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Grand Rapids — A jury cleared one of three criminal charges against state Rep. Larry Inman on Tuesday but was unable to reach verdicts on the two more serious charges against the Republican from the Traverse City area.

The jury found Inman not guilty of lying to the Federal Bureau of Investigation. But jurors were unable to reach unanimous verdicts on charges of attempted extortion and solicitation of a bribe. 

Federal prosecutors alleged Inman tried to sell his 2018 vote on repealing the state's prevailing wage law, which set pay standards for state-funded construction projects, to unions that opposed repeal.

As he left the federal courthouse in Grand Rapids on Tuesday, Inman said he was relieved and looking forward to getting back to representing his district in the Michigan House.

"I am an innocent man," Inman said. "I told the truth."

The jury's decisions Tuesday evening came after more than 11 hours of deliberation, which started on Monday. Assistant U.S. Attorney Christopher O'Connor said in court Tuesday that prosecutors wanted to schedule another trial regarding the two unresolved charges.

However, Chris Cooke, Inman's attorney, told reporters that he hopes federal prosecutors will reconsider that idea and not put Inman through any more "pain."

"It's been a nightmare for him," Cooke said.

According to a Pew Research Center report, only 320 of 79,704 federal defendants in fiscal year 2018 — fewer than 1% — went to trial and won their cases with an acquittal.

As jurors departed the courthouse on Tuesday night, multiple jurors said they were simply unable to resolve differences of opinion.

One of the 12 members of the jury, Steve Gould of Manistee, said there were nuances between criminal activity and the legal collection of money for a campaign. Gould said the jury was stuck in those nuances.

On the charge Inman lied to the FBI, Gould said the standard for a guilty verdict was "beyond a reasonable doubt."

"There was some reasonable doubt," Gould said.

Prosecutors alleged that Inman lied to an FBI agent when the agent interviewed him on Aug. 1, 2018. Prosecutors said Inman denied sending text messages about two months earlier referencing $30,000 and the prevailing wage vote.

One juror, Martin Visser of Grand Haven, noted Inman had said he didn't remember sending the text messages. Visser said that statement "seemed sufficient."

Visser said the jury was split about six-six on whether Inman was guilty of soliciting a bribe and attempted extortion.

"It went back and forth but never substantially," Visser said of the division.

In May, prosecutors charged Inman with attempted extortion, solicitation of a bribe and lying to the FBI.

According to a court document, the extortion charge carried a maximum penalty of 20 years in prison and a maximum fine of $250,000. The bribery charge carried a maximum penalty of 10 years in prison. And the lying to the FBI charge carried a maximum penalty of five years and a maximum fine of $250,000.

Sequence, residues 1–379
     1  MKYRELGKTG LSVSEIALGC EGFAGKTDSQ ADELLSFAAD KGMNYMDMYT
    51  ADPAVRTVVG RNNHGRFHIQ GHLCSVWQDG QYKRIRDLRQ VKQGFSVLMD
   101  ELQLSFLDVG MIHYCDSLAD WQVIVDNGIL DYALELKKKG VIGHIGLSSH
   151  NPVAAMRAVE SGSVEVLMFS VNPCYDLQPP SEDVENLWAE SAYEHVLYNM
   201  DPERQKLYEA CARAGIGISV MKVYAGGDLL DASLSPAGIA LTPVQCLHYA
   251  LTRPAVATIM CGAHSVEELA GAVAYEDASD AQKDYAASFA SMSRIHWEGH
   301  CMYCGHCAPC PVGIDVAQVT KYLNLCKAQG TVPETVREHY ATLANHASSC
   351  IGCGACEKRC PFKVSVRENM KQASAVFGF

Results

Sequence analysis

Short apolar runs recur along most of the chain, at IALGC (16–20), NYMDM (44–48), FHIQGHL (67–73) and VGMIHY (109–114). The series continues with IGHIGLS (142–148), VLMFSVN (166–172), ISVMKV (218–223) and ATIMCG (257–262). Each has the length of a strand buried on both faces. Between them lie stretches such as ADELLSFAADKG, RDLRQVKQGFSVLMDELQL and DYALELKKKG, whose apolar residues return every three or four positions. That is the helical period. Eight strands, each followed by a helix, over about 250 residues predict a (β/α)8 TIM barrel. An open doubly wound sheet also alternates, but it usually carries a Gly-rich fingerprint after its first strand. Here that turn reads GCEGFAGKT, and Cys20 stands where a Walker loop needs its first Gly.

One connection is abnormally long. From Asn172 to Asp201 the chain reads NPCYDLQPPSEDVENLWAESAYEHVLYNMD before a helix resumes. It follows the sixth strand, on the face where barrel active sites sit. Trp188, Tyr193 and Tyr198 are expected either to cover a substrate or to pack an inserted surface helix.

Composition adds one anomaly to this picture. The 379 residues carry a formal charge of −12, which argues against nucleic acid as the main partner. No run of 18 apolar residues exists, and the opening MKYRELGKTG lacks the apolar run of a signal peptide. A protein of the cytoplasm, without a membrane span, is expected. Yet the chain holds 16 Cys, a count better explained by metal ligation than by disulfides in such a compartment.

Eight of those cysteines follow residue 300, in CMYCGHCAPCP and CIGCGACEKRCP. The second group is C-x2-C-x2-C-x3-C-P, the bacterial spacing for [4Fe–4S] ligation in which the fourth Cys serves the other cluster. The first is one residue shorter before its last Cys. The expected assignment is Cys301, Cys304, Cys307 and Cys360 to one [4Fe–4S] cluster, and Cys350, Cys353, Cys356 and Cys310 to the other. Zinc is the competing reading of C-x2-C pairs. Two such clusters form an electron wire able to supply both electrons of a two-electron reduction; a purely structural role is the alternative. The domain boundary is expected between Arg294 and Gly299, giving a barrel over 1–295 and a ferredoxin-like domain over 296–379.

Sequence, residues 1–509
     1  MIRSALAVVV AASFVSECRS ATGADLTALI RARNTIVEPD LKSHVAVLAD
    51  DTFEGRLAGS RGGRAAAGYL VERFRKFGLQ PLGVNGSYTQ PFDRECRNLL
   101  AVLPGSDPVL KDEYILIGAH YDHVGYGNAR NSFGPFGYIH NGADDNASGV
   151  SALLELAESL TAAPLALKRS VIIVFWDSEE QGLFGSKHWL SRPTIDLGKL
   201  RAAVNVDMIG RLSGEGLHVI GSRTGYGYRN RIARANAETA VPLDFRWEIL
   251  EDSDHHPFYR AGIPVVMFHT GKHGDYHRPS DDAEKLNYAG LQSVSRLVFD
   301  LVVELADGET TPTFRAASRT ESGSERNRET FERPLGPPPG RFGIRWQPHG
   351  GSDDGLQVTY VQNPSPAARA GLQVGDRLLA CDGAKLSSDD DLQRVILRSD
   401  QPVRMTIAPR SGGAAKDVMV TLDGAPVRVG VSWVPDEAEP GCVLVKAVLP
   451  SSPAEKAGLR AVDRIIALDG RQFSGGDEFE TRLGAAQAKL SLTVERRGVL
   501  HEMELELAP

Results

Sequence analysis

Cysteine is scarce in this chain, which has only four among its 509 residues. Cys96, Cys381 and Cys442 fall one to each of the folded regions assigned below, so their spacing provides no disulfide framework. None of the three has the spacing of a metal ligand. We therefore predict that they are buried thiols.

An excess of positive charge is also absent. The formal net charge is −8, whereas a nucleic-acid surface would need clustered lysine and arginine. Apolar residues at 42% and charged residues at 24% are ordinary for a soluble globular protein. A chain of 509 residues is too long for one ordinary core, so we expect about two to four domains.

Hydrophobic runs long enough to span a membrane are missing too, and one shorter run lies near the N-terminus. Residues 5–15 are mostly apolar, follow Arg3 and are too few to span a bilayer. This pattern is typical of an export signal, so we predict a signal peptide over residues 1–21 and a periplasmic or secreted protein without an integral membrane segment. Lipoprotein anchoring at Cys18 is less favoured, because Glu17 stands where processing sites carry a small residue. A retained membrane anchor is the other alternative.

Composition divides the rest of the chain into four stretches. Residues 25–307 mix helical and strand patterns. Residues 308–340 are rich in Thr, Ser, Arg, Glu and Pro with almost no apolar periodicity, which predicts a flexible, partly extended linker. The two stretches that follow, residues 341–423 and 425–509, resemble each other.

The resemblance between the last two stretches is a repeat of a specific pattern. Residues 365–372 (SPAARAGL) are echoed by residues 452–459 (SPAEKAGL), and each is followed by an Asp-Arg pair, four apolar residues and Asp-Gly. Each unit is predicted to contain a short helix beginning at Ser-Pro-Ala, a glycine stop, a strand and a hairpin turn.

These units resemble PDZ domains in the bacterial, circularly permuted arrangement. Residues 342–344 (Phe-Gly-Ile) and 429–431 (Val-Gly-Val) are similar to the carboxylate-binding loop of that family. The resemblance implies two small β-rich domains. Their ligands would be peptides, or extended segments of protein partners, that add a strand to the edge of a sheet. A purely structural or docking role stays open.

Inman has maintained his innocence since the charges became public. Inman's trial began on Dec. 3.

Prosecutors' arguments focused on text messages Inman sent to lobbyists for the Michigan Regional Council of Carpenters and Millwrights on June 3, 2018.

In one message to Lisa Canada, political director for the carpenters union, Inman referenced other Republican lawmakers: "We only have 12 people to block it. You said all 12 will get $30,000 each to help there (sic) campaigns ... I have heard most got $5,000, not $30,000." 

He added in the text, "People will not go down for $5,000, not that we don't appreciate it ... I would suggest maxing out on all 12, or at least doubling what you have given them on Tuesday, asap, we never had this discussion."

O'Connor urged jurors on Monday to use "common sense" when considering the charges against Inman.

"There's nothing ambiguous or gibberish about what the defendant is communicating," O'Connor told jurors of Inman's text message.

Cooke, Inman's attorney, asked jurors not to convict Inman based simply on two text messages. He also highlighted Inman's use of prescription pain medication, which defense witnesses alleged impacted Inman's memory.

On Tuesday evening, Inman said he was still considering returning to the Michigan House on Wednesday. Inman has continued serving in the House since his indictment in May, but he's been absent since his trial began.

House Republican leadership previously kicked Inman out of the House GOP caucus, removed him from his committee assignments and blocked his access to his Lansing office.

Inman said he hopes to have his committee assignments and office access reinstated.

"I want to go back and represent the residents of Grand Traverse County because that's what I was elected to do," Inman said.

cmauger@detroitnews.com

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